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Debra Hamel is the mother of two preternaturally attractive girls and the author of a number of books about ancient Greece. She writes and blogs from her subterranean lair in North Haven, CT. Read more.


Books by Debra Hamel:

THE BATTLE OF ARGINUSAE :
VICTORY AT SEA AND ITS TRAGIC AFTERMATH IN THE FINAL YEARS OF THE PELOPONNESIAN WAR
By Debra Hamel


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Kindle | paperback (UK)

KILLING ERATOSTHENES:
A TRUE CRIME STORY
FROM ANCIENT ATHENS
By Debra Hamel


Kindle | paperback (US)
Kindle | paperback (UK)

READING HERODOTUS:
A GUIDED TOUR THROUGH THE WILD BOARS, DANCING SUITORS, AND CRAZY TYRANTS OF THE HISTORY
By Debra Hamel


paperback | Kindle | hardcover (US)
paperback | hardcover (UK)

THE MUTILATION OF THE HERMS:
UNPACKING AN ANCIENT MYSTERY
By Debra Hamel


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Kindle | paperback (UK)

TRYING NEAIRA:
THE TRUE STORY OF A COURTESAN'S SCANDALOUS LIFE IN ANCIENT GREECE
By Debra Hamel


paperback | hardcover (US)
paperback | hardcover (UK)

SOCRATES AT WAR:
THE MILITARY HEROICS OF AN ICONIC INTELLECTUAL
By Debra Hamel


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ANCIENT GREEKS IN DRAG:
THE LIBERATION OF THEBES AND OTHER ACTS OF HEROIC TRANSVESTISM
By Debra Hamel


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IT WAS A DARK AND STORMY TWEET:
FIVE HUNDRED 1ST LINES IN 140 CHARACTERS OR LESS
By Debra Hamel


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Kindle | paperback (UK)

PRISONERS OF THE PELOPONNESIAN WAR
By Debra Hamel


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Ariely, Dan: Predicatably Irrational

  Amazon  

4 stars

In Predictably Irrational Dan Ariely, a professor of Behavioral Economics at MIT, explains that--contrary to the assumption that underlies standard economics--people routinely act irrationally. Our decisions are based on factors that we're very often not even aware of. Our purchasing decisions, for example, may be influenced by an item's price (more expensive must be better) or its popularity or by the context in which we see it (surrounded by high-end condiments and displayed on fine china, for example, versus slapped in a styrofoam container). Our behavior toward others may be altered more than we would anticipate by sexual arousal. The likelihood that we'll steal depends on whether the item in question is cold hard cash or just something that could be turned into cash. (One is more likely to steal a Coke from a communal refrigerator than its equivalent in change.)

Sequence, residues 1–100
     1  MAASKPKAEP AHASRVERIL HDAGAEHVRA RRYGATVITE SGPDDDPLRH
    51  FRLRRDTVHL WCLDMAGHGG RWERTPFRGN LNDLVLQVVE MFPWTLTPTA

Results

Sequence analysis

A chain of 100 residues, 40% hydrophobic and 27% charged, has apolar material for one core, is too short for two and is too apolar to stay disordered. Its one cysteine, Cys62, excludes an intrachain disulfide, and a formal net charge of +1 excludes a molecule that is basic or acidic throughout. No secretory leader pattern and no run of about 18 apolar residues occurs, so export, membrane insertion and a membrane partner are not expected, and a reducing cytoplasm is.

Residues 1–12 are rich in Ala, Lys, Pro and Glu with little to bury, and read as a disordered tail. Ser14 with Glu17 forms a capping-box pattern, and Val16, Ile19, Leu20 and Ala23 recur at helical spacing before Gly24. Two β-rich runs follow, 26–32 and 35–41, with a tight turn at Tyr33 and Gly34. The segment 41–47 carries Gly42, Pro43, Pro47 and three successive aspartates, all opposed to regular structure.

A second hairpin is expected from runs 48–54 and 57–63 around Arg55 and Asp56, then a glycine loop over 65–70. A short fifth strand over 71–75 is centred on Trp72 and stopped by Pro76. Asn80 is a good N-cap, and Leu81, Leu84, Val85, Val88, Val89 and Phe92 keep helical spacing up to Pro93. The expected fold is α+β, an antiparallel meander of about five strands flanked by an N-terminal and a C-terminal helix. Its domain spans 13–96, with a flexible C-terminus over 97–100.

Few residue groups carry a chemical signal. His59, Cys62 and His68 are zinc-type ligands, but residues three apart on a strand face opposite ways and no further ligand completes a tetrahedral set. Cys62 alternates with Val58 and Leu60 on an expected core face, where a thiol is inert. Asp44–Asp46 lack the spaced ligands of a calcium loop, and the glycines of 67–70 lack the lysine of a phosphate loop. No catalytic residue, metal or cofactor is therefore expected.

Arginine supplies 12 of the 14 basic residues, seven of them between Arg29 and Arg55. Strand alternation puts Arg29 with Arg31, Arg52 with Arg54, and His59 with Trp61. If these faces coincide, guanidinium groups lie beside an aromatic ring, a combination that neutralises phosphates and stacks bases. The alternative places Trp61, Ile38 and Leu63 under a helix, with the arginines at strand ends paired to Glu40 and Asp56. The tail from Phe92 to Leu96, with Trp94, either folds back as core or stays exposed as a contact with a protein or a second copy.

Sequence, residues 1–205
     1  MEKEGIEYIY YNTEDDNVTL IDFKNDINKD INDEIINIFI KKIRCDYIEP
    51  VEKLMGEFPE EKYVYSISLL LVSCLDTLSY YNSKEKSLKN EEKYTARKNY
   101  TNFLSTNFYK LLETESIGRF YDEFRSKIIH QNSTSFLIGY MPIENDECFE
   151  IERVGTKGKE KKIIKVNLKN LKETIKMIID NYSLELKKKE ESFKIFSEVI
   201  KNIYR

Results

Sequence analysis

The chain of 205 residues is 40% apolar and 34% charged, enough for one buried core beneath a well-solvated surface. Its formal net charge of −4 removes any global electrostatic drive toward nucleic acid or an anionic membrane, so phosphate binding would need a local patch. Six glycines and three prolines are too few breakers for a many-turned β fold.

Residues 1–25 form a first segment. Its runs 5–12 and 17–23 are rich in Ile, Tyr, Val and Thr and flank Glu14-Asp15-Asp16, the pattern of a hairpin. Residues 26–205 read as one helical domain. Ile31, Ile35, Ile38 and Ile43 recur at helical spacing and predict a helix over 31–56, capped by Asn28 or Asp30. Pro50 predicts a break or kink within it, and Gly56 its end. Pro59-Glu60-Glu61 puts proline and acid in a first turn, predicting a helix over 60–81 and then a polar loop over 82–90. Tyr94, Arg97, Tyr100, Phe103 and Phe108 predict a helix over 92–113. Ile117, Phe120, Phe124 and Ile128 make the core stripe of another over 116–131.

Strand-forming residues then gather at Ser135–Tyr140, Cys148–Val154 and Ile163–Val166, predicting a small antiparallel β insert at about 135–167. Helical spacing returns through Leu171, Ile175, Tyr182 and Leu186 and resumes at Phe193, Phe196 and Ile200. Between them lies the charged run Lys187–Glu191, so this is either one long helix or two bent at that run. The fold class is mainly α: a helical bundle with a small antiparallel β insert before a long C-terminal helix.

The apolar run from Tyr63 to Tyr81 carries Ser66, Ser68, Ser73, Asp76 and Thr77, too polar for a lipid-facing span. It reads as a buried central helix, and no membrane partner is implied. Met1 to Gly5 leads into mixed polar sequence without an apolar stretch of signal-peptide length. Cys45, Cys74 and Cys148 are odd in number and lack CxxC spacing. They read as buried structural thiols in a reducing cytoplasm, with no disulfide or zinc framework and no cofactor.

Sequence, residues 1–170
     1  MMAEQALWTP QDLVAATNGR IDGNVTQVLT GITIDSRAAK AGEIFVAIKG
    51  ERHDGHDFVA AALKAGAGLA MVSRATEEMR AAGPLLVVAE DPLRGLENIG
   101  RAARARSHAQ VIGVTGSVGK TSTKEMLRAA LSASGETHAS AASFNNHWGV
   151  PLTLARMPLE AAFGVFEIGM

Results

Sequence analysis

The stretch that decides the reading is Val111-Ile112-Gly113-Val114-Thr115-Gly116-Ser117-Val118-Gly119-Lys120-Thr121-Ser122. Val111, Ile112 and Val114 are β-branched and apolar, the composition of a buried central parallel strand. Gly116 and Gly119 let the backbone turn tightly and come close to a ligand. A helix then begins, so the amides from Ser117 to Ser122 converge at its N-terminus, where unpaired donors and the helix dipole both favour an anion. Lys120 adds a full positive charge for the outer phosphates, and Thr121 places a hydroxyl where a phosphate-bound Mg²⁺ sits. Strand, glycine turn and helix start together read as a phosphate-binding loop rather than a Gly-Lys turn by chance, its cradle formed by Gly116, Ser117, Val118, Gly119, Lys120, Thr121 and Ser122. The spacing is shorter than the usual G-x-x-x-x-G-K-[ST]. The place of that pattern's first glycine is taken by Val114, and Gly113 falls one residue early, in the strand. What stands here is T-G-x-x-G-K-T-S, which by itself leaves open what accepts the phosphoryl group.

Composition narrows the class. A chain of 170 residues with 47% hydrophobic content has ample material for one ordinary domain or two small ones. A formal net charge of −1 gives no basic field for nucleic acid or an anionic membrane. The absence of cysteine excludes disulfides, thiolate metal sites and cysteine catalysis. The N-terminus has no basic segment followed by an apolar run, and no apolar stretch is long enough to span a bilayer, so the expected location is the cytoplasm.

Ariely explores a host of interesting questions related to decision-making. In each case Ariely describes, in very accessible prose, the experiments he and his colleagues conducted while researching the question. (In many cases the experiments involved students at MIT or Harvard, who were asked to answer questionnaires or look at pornographic images or buy beer or eat chocolate.) The purport of the book is that, while people do behave irrationally, they do so (as the book's title indicates) in predictable ways, because of the way our brains our wired. And if we understand more accurately how people behave in fact, rather than in theory, we can force ourselves to think differently or we can put tools in place that will result in more positive outcomes. (For example, studies show that students who take an honor pledge prior to taking a test are less likely to cheat, so requiring an honor code may be a cheap and easy way for a school to decrease cheating. Or, if you're ordering food at a restaurant without knowing what the people you're with are ordering, you're more likely to order something you really want and are thus more likely to enjoy the meal. Restaurants could improve their patrons' dining experience by introducing "blind," private ordering.) It's an interesting and well-written book that should appeal to readers who've enjoyed Malcolm Gladwell's titles, for example, or Chris Anderson's recent Free (which rehashes much of what Ariely writes in his third chapter).

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